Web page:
In 1993, between bites of a piping hot dinner roll at Bertucci’s in Harvard Square, my father leaned across the table from me and declared, “When you marry someone, you marry their family.” He revealed this as if it were a carefully guarded secret that had been passed down from generation to generation.
I had been telling my dad about my boyfriend, specifically his mother, a clog-wearing woman who made her own earrings and often glared at me. My boyfriend and I broke up later that year. I still have a childhood blanket of his that my children sometimes use to build forts.
My husband comes from a large family. He has eight brothers and sisters, all of whom live on the east coast of the United States. Recently we pulled the kids out of school in Perth for three weeks and flew across the planet to drink Dunkin’ Donuts coffee in Rhode Island (medium, milk, one sugar). The last time we visited my in-laws was more than two years ago, when Dave’s youngest sister married a gregarious New Yorker with excellent taste in wine and cable knit sweaters.
The nine children and their assorted partners are a diverse lot. We are dentists, poets, accountants, stay-at-home moms, engineers, mail carriers, actors, economists, and students. We have strong opinions. Some of us drink eggnog coffee while others think this is a beverage for monsters. Some of us prefer cranberry sauce out of the can. Some of us believe in God. Some of us feel crushed by the recent presidential election and some of us are more ok with it. (Before our trip, I reminded my daughters that family is more important than politics, and the younger one suggested, “Maybe we don’t wear our Hillary t-shirts on Thanksgiving.”)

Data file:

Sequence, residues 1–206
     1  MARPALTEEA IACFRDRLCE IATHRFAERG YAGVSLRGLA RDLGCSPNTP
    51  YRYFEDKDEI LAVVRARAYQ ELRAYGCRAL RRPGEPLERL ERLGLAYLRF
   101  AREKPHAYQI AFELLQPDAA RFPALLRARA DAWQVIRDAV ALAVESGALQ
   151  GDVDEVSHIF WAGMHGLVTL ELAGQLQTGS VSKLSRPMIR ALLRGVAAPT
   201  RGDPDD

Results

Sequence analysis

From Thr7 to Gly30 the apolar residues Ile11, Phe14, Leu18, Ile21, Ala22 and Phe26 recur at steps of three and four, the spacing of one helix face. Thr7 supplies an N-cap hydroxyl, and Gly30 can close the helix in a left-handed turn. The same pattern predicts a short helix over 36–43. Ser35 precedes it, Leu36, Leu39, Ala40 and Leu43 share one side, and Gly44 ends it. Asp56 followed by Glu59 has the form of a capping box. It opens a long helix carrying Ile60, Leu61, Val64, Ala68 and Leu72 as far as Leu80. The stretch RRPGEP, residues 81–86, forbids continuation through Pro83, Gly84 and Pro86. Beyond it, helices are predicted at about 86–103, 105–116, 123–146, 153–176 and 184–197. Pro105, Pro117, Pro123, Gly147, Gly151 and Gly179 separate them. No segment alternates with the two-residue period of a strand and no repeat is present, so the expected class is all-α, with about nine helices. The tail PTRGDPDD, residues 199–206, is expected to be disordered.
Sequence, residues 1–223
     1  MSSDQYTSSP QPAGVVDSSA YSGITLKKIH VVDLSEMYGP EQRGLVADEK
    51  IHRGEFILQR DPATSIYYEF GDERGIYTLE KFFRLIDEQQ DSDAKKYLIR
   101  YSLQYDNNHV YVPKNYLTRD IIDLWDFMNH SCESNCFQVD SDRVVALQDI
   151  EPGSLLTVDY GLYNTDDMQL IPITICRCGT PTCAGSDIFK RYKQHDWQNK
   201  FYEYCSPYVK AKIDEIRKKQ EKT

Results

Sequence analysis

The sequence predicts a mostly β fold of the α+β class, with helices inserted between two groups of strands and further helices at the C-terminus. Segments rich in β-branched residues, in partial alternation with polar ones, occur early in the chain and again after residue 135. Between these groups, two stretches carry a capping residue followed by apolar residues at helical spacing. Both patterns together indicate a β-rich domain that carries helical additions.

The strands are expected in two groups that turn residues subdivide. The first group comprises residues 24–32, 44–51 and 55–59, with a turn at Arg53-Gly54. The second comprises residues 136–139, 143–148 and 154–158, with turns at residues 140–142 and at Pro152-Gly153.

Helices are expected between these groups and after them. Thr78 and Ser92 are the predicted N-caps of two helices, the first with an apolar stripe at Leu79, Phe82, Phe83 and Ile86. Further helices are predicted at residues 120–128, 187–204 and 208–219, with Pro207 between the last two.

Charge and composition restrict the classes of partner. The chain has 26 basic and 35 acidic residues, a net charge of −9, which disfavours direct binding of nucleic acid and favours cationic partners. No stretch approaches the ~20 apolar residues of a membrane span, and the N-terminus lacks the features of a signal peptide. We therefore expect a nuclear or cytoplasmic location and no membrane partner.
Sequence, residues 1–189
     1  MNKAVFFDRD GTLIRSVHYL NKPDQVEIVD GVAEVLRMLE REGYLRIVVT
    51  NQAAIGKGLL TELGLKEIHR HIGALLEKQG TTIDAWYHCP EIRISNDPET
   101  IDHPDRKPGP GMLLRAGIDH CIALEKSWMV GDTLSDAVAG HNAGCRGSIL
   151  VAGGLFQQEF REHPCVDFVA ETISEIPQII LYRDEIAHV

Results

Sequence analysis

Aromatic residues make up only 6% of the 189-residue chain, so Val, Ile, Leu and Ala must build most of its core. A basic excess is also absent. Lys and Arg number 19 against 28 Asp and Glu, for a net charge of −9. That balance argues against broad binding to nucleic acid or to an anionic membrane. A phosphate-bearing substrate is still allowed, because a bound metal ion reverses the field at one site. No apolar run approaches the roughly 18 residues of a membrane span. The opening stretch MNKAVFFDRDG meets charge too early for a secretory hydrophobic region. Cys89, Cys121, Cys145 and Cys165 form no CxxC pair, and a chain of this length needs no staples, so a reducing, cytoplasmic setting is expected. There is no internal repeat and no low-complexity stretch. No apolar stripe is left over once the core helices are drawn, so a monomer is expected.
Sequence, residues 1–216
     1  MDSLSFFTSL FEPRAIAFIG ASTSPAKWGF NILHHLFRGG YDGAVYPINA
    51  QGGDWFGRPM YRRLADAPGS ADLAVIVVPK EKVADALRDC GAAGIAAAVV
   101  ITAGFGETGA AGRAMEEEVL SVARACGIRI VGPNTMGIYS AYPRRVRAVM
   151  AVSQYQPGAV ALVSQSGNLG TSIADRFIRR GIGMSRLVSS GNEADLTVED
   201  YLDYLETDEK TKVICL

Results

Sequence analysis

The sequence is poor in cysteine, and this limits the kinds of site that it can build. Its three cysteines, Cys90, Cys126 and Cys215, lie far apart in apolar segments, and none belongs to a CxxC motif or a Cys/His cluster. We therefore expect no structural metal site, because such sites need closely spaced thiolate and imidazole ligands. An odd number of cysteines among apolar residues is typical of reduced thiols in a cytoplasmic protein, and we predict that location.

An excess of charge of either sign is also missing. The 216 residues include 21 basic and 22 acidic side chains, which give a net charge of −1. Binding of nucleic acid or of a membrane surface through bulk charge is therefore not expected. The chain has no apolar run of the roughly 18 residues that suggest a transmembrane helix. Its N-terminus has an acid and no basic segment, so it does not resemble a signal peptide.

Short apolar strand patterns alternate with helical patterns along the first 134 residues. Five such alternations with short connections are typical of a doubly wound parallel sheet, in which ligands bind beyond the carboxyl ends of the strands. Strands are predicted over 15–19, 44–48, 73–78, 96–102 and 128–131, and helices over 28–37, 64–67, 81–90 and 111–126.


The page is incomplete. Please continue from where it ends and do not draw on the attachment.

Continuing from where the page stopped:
Several of the nine siblings have had children themselves, and the kids are just as varied. My eleven-year-old niece recently stood up to a bully at school, and my four-year-old niece likes to throw chairs.
There were 30 of us for Thanksgiving this year, and we descended on my sister-in-law’s house with side dishes and folding chairs. As casseroles slid in and out of the oven, and children chased each other up and down stairs, I felt like I was in a 90’s home-for-the-holidays rom-com. All that was missing was Bill Pullman.
After the feast and the cleanup, we put the little ones to bed, poured ourselves more sangria, and gathered in the living room for the most sacred of family traditions: Pictionary.
I have been playing Pictionary with my in-laws for more than 20 years. We are fiercely competitive. I was infuriated by my brother-in-law’s inability to draw a hot air balloon that looks anything like a hot air balloon, and he chided me for my attempt to illustrate “cold” without including a thermometer. (I drew a stick figure in shorts and then crossed it out.)
At one point, the newest spouse in the group, the gregarious fellow with the sweaters, became enraged by a teammate’s failure to quickly identify the “object” category on the Pictionary card and shouted, “Things that you can touch or feel!” His baptism was complete.
My dad was right of course. It’s no secret that when you marry someone, you gain a family. And if you marry someone who has lost a family member, you respectfully inherit this absence as well. I am honored to be part of this clan. It is one of the greatest blessings of my life. And I am not just saying this to score points. Unless we’re playing a game.